Looking to gauge the chances Rep. Stephen Lynch will upset front-running Rep. Ed Markey in the Massachusetts Senate Democratic primary? Take a peek at the GOP primary.
Yes, the Republican primary. A new WBUR poll out Friday showed Markey leading Lynch by just seven points among those likeliest to vote in the special Democratic primary, 38 percent to 31 percent. Lynch’s success in the poll is due in large part to strong support among unaffiliated voters, who can participate in either primary. And where they decide to cast their ballots could make the Democratic race much more or much less competitive.
“One of the interesting things about the Democratic primary is it could actually be affected by the Republican primary, and what I mean by that is that where unaffiliated voters vote on primary day actually will affect the Democratic primary,” MassINC pollster Steve Koczela told WBUR. MassINC Polling Group conducted the WBUR survey.
Indeed, Lynch’s fate may well rest, at least in part, on how many independent voters he can turn out in the Democratic primary. In the WBUR poll, Markey leads Lynch by 17 points among Democrats, but trails by four among independent voters.
A number of Republicans have declared their intention to run in the special election. But until the Feb. 27 deadline for submitting 10,000 valid signatures comes and goes, we won’t know how crowded the field will be. An active and competitive primary that attracts a lot of interest would be bad news for Lynch.
The live-caller WBUR survey stands in contrast to a recent poll from Democratic automated pollster Public Policy Polling, which showed Markey leading Lynch by a much wider 52 percent-to-19 percent margin. A Lynch aide attributed his strength in the WBUR poll to a message that aligns with voters’ priorities. ”I think the poll reflects what people are looking for,” strategist Scott Ferson said.
To be clear, getting enough independents to take an interest in his candidacy could be a tall order for Lynch. And it still may not be enough, considering Markey’s clear upper hand on the left.
The more liberal congressman is backed by the Democratic Senatorial Campaign Committee and Secretary of State John Kerry. This week, Markey also landed the endorsement of the Massachusetts Teachers Association — a blow to Lynch, who’s built his political career with strong support from organized labor. Markey is also expected to have more money to spend once the advertising war begins and will have numerous high-profile Democratic surrogates on his side.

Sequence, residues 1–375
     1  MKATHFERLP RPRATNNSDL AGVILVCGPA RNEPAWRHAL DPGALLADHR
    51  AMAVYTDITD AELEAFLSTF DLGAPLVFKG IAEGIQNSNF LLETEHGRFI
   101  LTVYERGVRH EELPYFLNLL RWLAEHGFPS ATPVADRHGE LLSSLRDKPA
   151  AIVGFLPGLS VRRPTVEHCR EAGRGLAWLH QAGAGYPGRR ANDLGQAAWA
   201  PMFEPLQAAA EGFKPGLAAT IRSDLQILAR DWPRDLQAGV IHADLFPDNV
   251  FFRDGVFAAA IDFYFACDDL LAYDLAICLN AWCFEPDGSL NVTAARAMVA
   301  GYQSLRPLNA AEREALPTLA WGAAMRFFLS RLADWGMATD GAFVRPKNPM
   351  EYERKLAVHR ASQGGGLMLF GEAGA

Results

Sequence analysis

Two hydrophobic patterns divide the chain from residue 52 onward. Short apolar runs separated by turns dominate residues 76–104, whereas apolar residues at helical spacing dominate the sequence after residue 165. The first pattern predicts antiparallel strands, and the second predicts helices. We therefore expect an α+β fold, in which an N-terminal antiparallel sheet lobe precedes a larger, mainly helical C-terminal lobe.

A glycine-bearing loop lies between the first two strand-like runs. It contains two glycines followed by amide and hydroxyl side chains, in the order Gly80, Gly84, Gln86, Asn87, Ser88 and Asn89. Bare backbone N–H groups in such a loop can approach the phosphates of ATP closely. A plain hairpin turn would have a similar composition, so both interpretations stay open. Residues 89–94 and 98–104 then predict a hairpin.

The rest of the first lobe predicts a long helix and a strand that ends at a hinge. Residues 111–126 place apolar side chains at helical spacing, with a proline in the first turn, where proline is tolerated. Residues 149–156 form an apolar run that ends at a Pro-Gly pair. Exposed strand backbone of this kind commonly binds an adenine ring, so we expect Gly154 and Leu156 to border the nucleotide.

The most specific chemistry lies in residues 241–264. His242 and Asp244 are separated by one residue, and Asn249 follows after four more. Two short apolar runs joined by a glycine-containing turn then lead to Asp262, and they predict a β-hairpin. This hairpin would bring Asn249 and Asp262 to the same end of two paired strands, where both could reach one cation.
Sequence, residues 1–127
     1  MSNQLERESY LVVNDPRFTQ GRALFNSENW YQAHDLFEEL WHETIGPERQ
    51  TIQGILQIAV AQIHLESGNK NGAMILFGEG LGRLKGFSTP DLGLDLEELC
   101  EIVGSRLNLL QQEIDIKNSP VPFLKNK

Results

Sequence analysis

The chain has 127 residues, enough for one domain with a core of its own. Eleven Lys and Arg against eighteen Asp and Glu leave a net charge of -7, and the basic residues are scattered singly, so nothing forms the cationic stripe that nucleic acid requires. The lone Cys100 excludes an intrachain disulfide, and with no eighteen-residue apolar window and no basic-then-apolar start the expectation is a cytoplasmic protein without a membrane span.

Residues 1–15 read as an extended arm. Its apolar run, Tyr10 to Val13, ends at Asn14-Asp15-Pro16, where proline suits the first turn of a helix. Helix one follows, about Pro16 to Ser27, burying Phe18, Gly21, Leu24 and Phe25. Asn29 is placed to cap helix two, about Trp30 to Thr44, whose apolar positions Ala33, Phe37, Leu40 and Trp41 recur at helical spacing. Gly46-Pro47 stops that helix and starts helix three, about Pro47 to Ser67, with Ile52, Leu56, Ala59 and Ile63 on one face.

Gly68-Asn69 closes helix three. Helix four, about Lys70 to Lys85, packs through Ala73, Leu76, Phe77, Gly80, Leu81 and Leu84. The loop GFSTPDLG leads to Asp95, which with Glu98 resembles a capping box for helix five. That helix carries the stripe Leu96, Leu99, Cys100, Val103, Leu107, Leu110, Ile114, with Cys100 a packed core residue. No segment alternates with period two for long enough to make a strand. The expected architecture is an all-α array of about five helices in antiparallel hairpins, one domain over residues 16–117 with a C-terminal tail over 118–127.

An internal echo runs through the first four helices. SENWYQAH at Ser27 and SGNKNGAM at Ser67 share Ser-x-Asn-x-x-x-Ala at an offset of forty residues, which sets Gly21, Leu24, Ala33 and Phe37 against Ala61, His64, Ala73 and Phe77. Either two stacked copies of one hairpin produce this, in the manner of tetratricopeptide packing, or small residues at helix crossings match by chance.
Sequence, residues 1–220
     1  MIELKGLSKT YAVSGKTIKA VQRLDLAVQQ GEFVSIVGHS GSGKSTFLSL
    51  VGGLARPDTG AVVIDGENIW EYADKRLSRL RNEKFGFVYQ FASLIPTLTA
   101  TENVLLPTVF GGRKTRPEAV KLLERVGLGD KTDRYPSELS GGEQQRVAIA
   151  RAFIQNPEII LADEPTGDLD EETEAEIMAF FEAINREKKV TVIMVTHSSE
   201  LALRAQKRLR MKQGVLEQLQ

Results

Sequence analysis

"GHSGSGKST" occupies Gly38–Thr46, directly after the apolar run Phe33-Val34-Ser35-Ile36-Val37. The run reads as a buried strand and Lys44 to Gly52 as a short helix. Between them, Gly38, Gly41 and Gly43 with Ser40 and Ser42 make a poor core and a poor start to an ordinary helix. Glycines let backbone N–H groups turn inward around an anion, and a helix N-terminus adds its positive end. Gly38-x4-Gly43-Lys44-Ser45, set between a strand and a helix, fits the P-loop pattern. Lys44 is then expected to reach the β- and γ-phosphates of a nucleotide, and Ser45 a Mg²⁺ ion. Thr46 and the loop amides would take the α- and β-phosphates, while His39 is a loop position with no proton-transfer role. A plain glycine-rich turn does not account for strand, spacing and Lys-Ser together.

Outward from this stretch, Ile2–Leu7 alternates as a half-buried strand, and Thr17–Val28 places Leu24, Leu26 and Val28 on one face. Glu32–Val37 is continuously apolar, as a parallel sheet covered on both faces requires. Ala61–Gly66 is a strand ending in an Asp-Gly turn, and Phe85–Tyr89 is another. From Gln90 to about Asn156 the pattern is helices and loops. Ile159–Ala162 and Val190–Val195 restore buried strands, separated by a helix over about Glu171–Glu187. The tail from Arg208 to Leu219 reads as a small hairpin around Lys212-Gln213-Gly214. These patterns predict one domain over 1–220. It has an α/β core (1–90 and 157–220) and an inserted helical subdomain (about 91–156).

“This race is about who will be the passionate voice for the families and future of Massachusetts, and Ed is focused on the issues that matter most to voters — creating jobs, standing up for working families and fighting the special interests,” said Markey spokeswoman Giselle Barry.
Lynch is more conservative than Markey on a number of matters, but appears to be trying to recast his image on divisive social issues. Take abortion, for example. Over the years, Lynch has described himself as an antiabortion rights Democrat. But he recently said abortion is a constitutionally protected right and that he would oppose antiabortion nominees to the Supreme Court in the Senate, the Boston Globe reported.
Lynch has been making the case to Democratic primary voters who like his economic message that his views on social issues are acceptable, Ferson said.
In a nutshell, it’s too early to judge how close this race really is, with limited polling and no real air war to speak of yet. The early indications are that Lynch has a chance, but still has his work cut out for him.